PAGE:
I don’t mean to mislead. I know that usually the phrase “one door closes” is completed by “and another one opens” and intimates a story behind the story. Here though, I’m actually being quite a bit more literal. Forewarned is forearmed.
We live in a relatively old house. Much of which is still original to its building in the 1920s. It’s also a bit wonky overall and there are several interesting, if not convincing, stories of how it came to be in its current incarnation. The house is literally in the tower-of-pisa style, where it tilts rather distressingly toward the front. In the few years we have lived here we have gotten used to the incline and have adjusted ourselves and our belongings accordingly. Though we’ve made our mistakes (buying Nina a marble run for example), we mostly don’t even notice the slope anymore.
Anyway, our front door, a thick, solid, wooden door, is also original. Along with the nearly 100 year old lock mechanism inside it. For the last few months the doorknob has been loose. An easy enough fix for me (and just about anyone else). But then the doorknob literally just fell off one day. Leaving us trapped like rats. Alright, maybe not quite that dramatic. But we couldn’t open the door from the inside. So, stuck in the house (sort of), with nothing better to do, I consulted Youtube. And channeled my inner Tam.
Tam is inspirational for lots of reasons. But she has been particularly influential to me in the realm of home repairs. Tam doesn’t see a problem. She opens herself up to solutions. The difference is bigger than you think. It’s very Buddhist, all about your approach and expectations. Anyway…
I took the entire door apart. Pulling out the large locking mechanism along with dead bolts, door knobs and handles. The thin black box was greasy, dusty, dirty and filled with gears and springs. Totally cool. I watched Youtube for each step of taking it apart, making sure everything was moving as it should and putting it back together. Until I got stuck. Then I had to take the mechanism to a locksmith. Even though I had gotten to a point where I could not completely fix and finish the project, I didn’t feel defeated. In fact, I felt quite jubilant that I’d gotten as far as I had. Despite the three days we had holes in our front door and no way to lock the house.
The locksmith I went to was close-by and got excellent reviews on social media sites like Yelp. I realize now, after the fact, that I generally tend to approach circumstances like this from a very awkward place. Male-dominated realms like construction, auto mechanics or home repairs intimidate me. And I generally go into interactions with a one-down mentality, waiting to be scoffed at, dismissed, rebuffed. But I was so pumped about my success with the lock system, that I practically skipped into the shop. The locksmith, a short, stocky, gruff-looking, tattooed, beefy guy with a grey crew-cut glanced uninterestedly at the locks and gears and said, “Yeah, that’s pretty much done. It’s about 100 years old and it’s had its time.” I was like, “Dude! Come on! I took this shit out, took it apart, cleaned it up and put it all back together. By myself! Give me some props here before you send me away.” Of course I said it in a jovial, teasing tone. He quirked a half smile and said, “So, you did this yourself huh?” Alright. Now we’re talking.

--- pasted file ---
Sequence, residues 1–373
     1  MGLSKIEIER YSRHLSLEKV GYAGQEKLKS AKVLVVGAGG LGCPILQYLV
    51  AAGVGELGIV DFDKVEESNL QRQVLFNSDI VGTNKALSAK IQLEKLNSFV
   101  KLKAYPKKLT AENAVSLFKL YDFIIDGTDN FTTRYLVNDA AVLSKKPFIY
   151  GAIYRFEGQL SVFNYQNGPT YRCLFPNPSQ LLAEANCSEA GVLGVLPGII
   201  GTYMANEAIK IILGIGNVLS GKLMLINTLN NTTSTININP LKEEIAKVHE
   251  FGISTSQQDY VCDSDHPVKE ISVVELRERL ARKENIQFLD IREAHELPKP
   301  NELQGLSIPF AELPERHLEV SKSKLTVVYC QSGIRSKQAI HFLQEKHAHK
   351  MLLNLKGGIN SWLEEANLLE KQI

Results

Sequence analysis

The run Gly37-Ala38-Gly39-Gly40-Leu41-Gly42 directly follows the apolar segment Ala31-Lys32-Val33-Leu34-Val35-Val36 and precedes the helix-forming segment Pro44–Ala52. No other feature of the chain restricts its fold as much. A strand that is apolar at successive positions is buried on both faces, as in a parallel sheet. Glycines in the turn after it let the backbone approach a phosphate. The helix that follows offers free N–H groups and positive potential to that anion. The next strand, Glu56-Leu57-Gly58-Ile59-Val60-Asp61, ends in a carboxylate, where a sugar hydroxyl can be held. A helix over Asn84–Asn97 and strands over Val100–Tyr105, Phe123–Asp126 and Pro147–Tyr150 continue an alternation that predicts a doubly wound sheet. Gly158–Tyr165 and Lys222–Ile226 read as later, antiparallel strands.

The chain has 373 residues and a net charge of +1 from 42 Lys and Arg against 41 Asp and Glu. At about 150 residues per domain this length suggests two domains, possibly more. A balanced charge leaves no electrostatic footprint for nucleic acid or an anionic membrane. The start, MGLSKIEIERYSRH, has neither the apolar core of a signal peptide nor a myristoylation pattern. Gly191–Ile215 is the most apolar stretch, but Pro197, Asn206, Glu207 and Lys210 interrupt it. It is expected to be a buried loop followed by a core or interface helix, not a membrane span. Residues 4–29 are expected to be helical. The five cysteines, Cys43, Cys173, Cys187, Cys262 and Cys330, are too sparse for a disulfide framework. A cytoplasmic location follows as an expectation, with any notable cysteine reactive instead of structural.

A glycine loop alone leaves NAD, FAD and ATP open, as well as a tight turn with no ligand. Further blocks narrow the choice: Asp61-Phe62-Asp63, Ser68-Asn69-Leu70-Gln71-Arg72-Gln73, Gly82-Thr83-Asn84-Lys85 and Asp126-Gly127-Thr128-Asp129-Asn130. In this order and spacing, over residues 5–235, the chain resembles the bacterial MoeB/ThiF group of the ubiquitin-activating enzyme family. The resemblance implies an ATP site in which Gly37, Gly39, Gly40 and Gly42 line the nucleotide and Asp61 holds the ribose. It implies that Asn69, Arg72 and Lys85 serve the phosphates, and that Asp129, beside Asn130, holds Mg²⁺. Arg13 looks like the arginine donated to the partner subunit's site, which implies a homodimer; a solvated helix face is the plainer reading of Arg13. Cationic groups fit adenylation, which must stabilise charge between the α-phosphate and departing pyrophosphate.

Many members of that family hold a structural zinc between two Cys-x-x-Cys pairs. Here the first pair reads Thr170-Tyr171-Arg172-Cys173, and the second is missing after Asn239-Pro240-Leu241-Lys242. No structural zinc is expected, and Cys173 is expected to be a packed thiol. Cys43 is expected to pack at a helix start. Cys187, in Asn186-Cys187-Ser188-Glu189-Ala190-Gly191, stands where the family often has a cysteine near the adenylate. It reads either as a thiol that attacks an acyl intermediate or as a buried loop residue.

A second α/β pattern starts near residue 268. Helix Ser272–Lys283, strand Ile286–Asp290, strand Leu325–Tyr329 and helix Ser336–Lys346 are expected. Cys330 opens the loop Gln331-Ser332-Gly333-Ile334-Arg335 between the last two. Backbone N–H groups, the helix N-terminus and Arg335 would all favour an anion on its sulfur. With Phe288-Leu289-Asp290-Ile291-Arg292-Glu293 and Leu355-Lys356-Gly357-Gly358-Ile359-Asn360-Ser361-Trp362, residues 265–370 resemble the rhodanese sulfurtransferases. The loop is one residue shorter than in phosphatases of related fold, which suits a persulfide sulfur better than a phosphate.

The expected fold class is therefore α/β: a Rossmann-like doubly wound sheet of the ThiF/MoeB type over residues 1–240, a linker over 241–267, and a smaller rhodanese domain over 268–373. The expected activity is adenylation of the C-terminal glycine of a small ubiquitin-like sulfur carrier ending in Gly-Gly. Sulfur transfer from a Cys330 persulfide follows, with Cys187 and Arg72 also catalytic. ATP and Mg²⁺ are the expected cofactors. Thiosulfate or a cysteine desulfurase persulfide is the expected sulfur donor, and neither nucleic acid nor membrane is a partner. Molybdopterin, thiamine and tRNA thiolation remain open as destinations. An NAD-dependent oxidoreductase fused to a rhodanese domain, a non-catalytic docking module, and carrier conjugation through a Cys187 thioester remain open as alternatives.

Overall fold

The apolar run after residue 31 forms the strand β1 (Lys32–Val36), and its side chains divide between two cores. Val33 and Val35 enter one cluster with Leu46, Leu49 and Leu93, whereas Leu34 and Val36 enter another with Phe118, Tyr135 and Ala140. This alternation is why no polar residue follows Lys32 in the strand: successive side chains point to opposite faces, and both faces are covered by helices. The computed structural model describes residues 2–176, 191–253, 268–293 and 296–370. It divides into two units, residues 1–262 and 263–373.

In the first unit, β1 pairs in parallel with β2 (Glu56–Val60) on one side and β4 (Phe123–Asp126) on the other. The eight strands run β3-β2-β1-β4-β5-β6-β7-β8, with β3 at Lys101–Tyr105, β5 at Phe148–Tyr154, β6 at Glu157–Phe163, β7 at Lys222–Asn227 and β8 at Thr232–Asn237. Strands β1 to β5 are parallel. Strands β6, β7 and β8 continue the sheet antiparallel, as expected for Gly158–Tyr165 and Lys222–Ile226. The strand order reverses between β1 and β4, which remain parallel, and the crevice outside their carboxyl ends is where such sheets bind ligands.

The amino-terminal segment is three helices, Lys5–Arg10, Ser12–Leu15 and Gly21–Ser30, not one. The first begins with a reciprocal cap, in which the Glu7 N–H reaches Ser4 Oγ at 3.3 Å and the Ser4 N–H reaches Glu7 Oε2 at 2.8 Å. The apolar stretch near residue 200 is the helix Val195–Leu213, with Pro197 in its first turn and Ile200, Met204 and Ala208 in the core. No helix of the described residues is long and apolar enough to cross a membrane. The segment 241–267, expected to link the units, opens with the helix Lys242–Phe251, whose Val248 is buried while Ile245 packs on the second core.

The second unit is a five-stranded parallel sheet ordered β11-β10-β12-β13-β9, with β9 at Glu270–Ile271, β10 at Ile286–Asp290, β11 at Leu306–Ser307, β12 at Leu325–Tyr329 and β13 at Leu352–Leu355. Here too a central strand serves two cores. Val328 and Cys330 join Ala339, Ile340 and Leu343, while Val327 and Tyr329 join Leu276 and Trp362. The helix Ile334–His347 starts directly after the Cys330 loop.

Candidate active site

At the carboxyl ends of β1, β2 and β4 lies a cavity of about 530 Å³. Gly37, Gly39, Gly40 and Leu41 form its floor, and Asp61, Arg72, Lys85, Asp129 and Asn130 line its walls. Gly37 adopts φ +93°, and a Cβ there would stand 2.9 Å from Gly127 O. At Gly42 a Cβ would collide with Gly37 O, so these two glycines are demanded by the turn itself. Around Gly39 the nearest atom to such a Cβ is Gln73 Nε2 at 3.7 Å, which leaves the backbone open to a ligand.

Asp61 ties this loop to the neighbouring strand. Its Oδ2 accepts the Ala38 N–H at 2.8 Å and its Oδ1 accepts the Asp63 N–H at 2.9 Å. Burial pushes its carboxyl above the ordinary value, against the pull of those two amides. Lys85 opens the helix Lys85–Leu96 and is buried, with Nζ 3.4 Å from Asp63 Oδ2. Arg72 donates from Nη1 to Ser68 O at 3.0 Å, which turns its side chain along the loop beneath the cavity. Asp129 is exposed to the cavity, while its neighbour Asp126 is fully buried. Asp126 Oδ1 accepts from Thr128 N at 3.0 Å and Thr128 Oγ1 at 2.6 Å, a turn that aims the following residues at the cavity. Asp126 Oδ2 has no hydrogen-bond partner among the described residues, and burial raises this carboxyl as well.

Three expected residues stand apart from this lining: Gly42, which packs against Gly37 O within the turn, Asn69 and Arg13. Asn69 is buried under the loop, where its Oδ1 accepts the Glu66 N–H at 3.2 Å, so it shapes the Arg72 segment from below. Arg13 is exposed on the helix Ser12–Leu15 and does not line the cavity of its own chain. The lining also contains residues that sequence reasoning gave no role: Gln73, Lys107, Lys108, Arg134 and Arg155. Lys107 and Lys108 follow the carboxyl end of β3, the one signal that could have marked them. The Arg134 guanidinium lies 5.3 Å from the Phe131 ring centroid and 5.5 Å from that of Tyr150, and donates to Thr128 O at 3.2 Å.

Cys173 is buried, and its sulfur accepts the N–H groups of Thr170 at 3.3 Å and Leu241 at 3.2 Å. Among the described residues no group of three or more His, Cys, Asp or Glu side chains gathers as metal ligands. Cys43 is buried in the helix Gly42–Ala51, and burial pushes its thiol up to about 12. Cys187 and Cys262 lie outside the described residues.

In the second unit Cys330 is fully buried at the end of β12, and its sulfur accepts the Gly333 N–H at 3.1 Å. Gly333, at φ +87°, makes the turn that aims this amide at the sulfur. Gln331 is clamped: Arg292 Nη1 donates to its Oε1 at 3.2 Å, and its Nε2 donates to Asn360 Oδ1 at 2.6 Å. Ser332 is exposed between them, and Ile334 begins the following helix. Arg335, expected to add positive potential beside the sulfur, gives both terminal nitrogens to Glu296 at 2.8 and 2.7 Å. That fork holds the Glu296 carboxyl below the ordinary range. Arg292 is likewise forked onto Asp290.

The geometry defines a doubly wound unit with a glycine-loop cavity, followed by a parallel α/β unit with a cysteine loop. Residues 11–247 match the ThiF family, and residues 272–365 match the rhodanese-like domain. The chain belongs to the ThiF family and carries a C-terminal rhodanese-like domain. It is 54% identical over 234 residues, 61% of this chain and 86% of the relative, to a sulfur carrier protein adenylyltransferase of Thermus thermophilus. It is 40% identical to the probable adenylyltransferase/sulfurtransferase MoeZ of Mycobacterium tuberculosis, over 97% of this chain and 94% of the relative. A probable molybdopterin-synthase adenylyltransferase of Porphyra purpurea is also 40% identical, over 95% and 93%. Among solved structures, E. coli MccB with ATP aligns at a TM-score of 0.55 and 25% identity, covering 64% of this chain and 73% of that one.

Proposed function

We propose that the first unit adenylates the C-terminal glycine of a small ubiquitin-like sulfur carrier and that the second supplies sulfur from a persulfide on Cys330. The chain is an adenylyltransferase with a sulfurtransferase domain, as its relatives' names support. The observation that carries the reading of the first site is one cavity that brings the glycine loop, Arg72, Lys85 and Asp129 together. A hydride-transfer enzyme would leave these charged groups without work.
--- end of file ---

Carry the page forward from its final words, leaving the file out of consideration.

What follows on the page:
We ended up having a really nice conversation and connection (which I will spare you the back and forth details of). While we chatted about hundred-year-old locks and other this old house stuff, he fiddled with the mechanism in his hands. Something clicked into place and he was like, “Well what do you know! This may just have a bit more life in it after all.” He explained how to reinstall the mechanism carefully so that certain parts would line up and catch correctly. He was acting like a cool big brother rather than (my regular experience of men in this kind of position with me) a patronizing douchebag. He suggested that regardless of how much life the lock had left, I should start putting some money aside for a new system.
I raced home like a little kid and put that sucker back together. Then I opened and closed the door, locking and unlocking it, repeatedly, about a thousand times. Until I realized that with each click I was shortening the lock’s already breviloquent life.
Given my last blog post about not being able to hold onto the pride and triumph that should accompany accomplishment, I was very aware of holding onto (without grasping) the good feeling of hard work and achievement. And wanted to share it with you. Thanks for reading.